NSLHD News September 25

New Paediatrics Department opens at Hornsby There was much excitement as staff welcomed the first patient into the new Paediatrics Department.

Patients and their families were involved in the buzz that surrounded the new ward’s opening with balloons handed out and photos taken. Nurses, paediatricians and wards staff said goodbye to the old department as all patients were transferred to the new purpose-built ward which provide larger rooms and more suitable play areas.

The new department is second to open as part of the NSW Government’s $265 million redevelopment of the hospital, which is opening in stages and due for completion in 2021. Kolling researchers join global search for new insights into Parkinson’s disease The first patient arrives at the new Paediatrics Department at Hornsby Ku-ring-gai Hospital

Kolling Institute researchers will help drive an exciting international project to identify the genetic links to Parkinson’s disease and new ways to treat the debilitating disorder. The program will bring together leading researchers from Sweden, the United States and Australia after a $12.5 million grant from the Aligning Science Across Parkinson’s initiative, which will be administered by the Michael J. Fox Foundation for Parkinson’s Research. The Kolling Institute’s Executive Director Professor Carolyn Sue is thrilled to be involved, with the degenerative movement disorder impacting more than six million people worldwide. “Parkinson’s disease is one of the biggest neurological health challenges this century, affecting an increasing number of people due to our ageing population,” she said. Professor Sue, who is also the Director of Neurogenetics at Royal North Shore Hospital, said the project will use state- of-art technologies and a very specialised approach involving gene editing. “Our research will investigate three specific genes linked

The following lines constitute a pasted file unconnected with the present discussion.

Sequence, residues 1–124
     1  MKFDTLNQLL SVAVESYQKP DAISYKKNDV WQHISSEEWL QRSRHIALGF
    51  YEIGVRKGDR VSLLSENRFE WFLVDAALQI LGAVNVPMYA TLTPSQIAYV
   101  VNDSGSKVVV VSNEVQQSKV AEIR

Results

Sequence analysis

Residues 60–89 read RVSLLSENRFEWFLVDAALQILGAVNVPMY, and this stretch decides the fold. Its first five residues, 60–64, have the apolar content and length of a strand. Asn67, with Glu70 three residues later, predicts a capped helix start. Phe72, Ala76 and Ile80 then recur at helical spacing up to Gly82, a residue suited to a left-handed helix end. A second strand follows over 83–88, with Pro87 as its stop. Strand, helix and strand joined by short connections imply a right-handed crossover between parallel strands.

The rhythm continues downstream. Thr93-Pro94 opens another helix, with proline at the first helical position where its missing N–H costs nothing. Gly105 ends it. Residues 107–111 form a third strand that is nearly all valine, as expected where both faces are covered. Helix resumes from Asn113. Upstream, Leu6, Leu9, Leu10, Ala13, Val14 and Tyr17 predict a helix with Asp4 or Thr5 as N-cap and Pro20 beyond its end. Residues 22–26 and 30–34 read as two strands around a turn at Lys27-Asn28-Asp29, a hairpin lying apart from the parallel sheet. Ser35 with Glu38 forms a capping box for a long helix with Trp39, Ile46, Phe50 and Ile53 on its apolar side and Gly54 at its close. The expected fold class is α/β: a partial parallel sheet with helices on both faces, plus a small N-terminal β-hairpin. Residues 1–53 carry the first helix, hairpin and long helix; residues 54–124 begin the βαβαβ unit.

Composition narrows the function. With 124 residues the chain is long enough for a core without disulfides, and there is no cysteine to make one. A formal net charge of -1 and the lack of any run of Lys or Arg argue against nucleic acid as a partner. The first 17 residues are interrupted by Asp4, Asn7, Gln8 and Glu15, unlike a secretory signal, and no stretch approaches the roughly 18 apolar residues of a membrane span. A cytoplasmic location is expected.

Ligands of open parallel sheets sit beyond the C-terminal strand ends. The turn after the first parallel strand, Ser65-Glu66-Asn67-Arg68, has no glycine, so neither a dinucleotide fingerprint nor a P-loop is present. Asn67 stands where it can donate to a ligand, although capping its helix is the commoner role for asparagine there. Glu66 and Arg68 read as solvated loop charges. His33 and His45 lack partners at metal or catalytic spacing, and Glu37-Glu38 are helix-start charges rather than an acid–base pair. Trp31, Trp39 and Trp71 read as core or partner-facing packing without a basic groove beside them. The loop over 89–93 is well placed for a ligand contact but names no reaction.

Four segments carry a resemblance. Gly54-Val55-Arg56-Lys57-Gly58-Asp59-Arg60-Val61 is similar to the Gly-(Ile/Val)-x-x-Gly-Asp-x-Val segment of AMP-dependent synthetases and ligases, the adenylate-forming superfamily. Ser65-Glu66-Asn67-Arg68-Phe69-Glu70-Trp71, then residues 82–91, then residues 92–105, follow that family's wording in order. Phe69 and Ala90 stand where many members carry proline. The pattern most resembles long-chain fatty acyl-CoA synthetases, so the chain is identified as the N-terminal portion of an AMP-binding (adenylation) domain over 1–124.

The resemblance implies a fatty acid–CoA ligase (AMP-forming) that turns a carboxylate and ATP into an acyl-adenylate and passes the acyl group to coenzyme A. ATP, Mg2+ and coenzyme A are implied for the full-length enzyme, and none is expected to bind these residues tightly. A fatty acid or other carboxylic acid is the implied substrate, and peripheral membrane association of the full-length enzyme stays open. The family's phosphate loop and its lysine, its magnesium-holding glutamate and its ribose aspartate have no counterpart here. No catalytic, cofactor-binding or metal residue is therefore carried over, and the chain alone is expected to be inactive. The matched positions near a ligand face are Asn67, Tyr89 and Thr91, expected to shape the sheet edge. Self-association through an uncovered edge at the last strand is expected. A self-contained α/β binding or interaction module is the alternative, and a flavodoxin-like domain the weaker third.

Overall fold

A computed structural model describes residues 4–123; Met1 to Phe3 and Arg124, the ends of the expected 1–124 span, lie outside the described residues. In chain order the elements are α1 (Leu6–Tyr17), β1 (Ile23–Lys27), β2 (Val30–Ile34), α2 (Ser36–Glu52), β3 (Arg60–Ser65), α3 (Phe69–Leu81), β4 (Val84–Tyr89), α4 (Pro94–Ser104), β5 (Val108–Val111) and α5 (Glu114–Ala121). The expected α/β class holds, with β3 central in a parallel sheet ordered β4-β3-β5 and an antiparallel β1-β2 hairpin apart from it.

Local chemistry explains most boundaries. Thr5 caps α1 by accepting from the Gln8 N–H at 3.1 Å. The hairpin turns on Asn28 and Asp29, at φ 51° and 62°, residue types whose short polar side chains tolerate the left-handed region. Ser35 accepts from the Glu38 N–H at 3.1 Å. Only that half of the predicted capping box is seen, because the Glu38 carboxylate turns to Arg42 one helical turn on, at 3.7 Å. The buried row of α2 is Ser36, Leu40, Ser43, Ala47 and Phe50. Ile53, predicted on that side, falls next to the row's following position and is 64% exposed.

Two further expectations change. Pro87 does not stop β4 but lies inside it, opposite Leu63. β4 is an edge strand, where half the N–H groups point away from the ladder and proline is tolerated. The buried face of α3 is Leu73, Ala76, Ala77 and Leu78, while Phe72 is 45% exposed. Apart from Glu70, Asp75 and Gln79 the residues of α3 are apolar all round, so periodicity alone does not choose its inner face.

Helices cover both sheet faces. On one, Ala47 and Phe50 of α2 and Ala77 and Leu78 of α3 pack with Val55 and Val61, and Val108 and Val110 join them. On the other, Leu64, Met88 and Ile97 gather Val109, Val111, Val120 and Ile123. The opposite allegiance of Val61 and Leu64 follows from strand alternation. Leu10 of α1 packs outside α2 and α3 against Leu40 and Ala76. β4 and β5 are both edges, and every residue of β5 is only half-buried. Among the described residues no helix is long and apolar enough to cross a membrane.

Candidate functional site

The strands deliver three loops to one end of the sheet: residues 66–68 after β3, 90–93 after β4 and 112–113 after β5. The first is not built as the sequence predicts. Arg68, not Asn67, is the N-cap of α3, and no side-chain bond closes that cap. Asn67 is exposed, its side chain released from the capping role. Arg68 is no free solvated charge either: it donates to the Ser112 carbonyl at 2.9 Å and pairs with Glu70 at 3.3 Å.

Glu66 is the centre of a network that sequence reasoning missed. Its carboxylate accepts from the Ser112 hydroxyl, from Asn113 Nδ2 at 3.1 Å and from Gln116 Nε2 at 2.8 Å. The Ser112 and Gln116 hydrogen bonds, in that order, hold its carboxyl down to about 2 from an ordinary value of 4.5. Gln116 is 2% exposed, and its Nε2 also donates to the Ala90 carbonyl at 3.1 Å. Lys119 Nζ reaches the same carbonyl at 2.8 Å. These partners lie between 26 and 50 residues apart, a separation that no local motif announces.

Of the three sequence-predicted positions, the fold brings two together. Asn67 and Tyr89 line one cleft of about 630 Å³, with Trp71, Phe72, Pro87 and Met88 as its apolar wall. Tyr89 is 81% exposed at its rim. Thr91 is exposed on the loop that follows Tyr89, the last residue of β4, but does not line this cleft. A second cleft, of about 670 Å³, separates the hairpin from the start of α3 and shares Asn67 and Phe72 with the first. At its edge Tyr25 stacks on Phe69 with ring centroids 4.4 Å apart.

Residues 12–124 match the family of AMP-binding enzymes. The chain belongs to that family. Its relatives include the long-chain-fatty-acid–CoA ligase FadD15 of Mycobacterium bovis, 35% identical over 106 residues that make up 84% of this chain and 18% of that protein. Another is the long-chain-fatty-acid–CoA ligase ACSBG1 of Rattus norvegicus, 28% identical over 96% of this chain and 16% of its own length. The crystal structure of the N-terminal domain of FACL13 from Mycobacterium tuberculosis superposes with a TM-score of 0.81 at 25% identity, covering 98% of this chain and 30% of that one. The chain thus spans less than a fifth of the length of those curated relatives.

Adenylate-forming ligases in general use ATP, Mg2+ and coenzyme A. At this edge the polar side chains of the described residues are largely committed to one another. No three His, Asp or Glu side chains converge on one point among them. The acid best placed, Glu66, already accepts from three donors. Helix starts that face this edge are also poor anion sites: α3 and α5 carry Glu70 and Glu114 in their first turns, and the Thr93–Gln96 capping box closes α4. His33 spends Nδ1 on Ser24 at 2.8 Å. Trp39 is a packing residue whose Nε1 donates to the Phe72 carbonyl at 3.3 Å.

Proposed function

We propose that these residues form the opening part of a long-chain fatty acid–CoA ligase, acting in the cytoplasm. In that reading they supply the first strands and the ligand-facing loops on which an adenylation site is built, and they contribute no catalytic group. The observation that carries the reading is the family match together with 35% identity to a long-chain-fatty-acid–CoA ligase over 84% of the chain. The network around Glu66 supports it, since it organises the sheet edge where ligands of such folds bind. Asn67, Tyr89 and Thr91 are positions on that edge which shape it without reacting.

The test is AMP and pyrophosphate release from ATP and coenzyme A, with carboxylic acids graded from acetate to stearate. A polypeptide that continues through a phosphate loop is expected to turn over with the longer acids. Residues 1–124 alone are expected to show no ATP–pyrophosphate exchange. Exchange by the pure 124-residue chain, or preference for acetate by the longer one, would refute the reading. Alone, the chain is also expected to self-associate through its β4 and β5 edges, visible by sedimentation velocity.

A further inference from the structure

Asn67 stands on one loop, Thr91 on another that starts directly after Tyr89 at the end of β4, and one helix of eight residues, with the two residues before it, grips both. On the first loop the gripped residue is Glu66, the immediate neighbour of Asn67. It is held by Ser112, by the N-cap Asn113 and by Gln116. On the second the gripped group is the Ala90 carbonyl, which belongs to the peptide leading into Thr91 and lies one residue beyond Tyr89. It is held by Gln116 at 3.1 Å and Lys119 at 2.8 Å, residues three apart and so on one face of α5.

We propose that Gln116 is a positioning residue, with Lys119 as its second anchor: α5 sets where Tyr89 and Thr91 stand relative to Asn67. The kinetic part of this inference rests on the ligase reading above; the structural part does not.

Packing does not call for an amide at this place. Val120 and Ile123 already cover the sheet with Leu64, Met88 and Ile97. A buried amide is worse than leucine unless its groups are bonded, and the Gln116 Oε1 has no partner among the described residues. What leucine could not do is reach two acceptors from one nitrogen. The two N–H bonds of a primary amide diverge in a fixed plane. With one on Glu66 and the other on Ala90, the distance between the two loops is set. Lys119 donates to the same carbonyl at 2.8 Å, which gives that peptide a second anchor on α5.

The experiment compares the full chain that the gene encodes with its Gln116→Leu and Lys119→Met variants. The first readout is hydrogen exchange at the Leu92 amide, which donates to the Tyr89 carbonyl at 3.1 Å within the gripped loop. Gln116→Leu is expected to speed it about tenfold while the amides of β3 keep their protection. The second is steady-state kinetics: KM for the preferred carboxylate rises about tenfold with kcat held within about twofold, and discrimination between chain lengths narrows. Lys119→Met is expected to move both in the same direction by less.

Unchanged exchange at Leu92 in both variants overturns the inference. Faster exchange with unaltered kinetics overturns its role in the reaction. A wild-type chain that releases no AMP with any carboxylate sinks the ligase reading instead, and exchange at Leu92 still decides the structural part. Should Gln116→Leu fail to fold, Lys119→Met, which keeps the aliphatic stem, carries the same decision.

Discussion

Dr Gautam Wali, Prof Carolyn Sue and Dr Ryan Davis

to the disease, including the LRRK2, PARKIN and A-SYNUCLEIN genes,” she said. “By understanding how genes contribute to Parkinson’s disease, we will be in a better position to identify new therapies that could slow the disease process. “Even if we slow the process by a small amount, the impact on patients will be significant.” Two members of Professor Sue’s neuroscience research team will also join the three- year project, including Dr Ryan Davis and Dr Gautam Wali. “We have world leading expertise in this field and have been selected to take part after a global search for innovative programs to speed-up the search for the next generation of treatments for Parkinson’s,”

she said. “This collaborative project will see our team work with other world leading experts to unravel some of the fundamental mechanisms that cause Parkinson’s disease and develop new ways to treat the disorder. “The program illustrates the importance of our translational research at the Kolling Institute, where we can directly incorporate scientific breakthroughs to improve clinical care for our patients. “It also highlights the significance of a collaborative approach, where we can harness the strengths and expertise from multiple institutions to accelerate our research progress.”



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